The effect of the Unconscionable Transactions Act on loans in Alberta

30 July 2018

Parties to loan transactions in Alberta should be aware of the Unconscionable Transactions Act[1] (the "Act"), which gives the Courts broad powers to affect loans deemed to be unconscionable.

Although the Act itself does not provide a cause of action, borrowers often plead it in conjunction with the equitable doctrine of unconscionability or in actions based on the Interest Act[2] or Criminal Code[3] provisions that deal with criminal interest rates. The Act only applies to money lent, and provides that if the Court finds that the cost of the loan is excessive and the transaction is "harsh and unconscionable", the Court may:

  • despite any agreement proposing to settle the loan, reopen the transaction and relieve the debtor from the obligation to pay what is deemed to be unfair;
  • order the creditor to repay any deemed unfair amount already collected; and
  • set aside or alter any security or loan documentation given for the loan or, if assigned by the creditor, order the creditor to indemnify the debtor.

While there is not a lot of case law that considers the Act, Lydian Property Inc. v Chambers[4] provides structure and guidance with respect to the otherwise general provisions of the Act. This Court of Queen's Bench decision, which was ultimately affirmed by the Alberta Court of Appeal, sets out four identifying features of an unconscionable transaction to be considered when determining whether the Act applies:

  • the grossly unfair and improvident nature of a loan transaction;
  • the lack of independent legal or other appropriate professional advice to the weaker party;
  • an overwhelming imbalance of bargaining power between the parties caused by the weaker party's lack of sophistication, business literacy, or a physical or mental disability; and
  • the knowing exploitation by the stronger party of the weaker party's vulnerabilities.

The case law shows the tendency of the Courts to honour the deal and related agreement between the parties to the fullest extent possible, while softening the negative impact of the loan transaction on the affected party.[5] Reflecting this, the Courts often use the "blue pencil" approach to strike out offensive provisions of the agreement while keeping most of the agreement intact.[6] Provisions specifying unconscionably high interest rates, penalties or fees may be amended or struck completely in an effort to achieve a more balanced transaction.

The Cash Store (Advance Finance Co) v Barb J LaJoie[7] is an example of the kind of transaction to which the Courts would apply the Act. The debtor agreed to a loan of $400.00 with interest at 59% per year. The creditor also extracted a number of fees which, independent of the principal and interest, amounted to $500.00. Eventually the debtor was no longer able to pay the loan and the creditor started proceedings to recover the amounts owing. The Court stated that the loan was so "sufficiently divergent from community standards of commercial morality that [the interest charges] should not be enforced".[8] The Court reopened the loan and relieved the debtor of further payment, deeming her payment of $691.81 on a $400.00 loan in the course of 8 months to be sufficient in the circumstances.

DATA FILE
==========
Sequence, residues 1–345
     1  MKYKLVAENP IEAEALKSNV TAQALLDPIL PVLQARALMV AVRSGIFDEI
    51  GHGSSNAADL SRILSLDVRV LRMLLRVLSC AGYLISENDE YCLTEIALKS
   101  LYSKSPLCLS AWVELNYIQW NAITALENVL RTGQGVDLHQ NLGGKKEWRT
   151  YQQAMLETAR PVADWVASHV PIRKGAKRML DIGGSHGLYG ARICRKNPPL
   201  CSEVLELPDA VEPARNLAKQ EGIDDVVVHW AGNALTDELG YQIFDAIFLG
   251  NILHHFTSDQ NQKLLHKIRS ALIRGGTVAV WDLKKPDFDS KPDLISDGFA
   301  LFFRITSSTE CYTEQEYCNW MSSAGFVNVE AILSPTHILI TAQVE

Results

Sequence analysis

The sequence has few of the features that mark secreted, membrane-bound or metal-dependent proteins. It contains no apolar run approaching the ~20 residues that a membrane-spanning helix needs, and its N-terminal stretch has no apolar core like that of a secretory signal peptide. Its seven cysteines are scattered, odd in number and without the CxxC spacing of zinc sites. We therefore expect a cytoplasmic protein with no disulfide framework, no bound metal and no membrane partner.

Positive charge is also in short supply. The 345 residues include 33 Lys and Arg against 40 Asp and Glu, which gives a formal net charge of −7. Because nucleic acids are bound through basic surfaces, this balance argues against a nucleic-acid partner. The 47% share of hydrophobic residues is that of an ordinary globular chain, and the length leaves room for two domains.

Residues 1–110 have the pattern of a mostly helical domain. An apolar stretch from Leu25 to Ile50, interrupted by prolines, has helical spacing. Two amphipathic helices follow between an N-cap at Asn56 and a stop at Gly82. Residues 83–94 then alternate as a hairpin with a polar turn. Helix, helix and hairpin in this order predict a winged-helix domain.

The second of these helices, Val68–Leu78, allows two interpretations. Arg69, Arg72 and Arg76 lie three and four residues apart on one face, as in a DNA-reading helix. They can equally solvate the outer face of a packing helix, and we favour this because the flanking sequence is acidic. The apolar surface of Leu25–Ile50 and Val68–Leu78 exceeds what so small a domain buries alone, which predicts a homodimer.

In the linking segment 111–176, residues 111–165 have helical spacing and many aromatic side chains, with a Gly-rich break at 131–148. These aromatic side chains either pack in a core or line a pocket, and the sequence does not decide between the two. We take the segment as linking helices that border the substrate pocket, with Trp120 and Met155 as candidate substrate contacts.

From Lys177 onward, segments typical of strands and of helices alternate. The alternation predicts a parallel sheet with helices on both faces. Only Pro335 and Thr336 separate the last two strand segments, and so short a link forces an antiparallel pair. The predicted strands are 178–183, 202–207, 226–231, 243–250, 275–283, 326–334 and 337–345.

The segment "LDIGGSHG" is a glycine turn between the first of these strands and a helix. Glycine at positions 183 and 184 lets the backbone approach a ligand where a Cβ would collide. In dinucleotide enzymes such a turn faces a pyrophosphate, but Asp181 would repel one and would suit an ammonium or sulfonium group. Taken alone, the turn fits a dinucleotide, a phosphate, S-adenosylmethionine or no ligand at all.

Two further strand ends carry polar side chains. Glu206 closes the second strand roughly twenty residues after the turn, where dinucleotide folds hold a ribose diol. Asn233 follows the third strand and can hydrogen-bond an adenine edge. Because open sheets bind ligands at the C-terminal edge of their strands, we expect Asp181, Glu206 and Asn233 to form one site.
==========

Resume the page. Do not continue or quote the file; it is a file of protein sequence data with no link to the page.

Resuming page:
The flexibility of the legislation and its remedies gives the Courts a number of options to find a fair solution to relieve from the effects of otherwise unconscionable lending transactions. However, the Court's discretion is checked by the need to preserve commercial certainty in contract as well as to prevent claimant windfalls from a transaction that had been agreed to by the parties. While lenders should be aware of the legislation, for their protection and that of borrowers, the Act has been used sparingly by the Courts. The legislation does, however, highlight a general public policy concern with protecting parties who have entered into onerous loan transactions without proper professional advice.

[1] RSA 2000, c U-2.
[2] RSC 1985, c I-15.
[3] RSC 1985, c C-46.
[4] Lydian Property Inc v Chambers, 2007 ABQB 541, as affirmed by 2009 ABCA 21.
[5] Paragon Capital Corp v 395342 Alberta Ltd., 2004 ABQB 25 at para 13.
[6] Lydian Property Inc v Chambers, 2007 ABQB 541 at para 102; Johnson v 957942 Alberta Ltd., 2010 ABQB 62 (Master) at para 18; EasyFinancial Services Ltd. v Rivard, 2008 ABPC 350 at para 21.
[7] The Cash Store (Advance Finance Co) v Barb J LaJoie, 2002 ABPC 96.
[8] The Cash Store (Advance Finance Co) v Barb J LaJoie, 2002 ABPC 96 at para 27.

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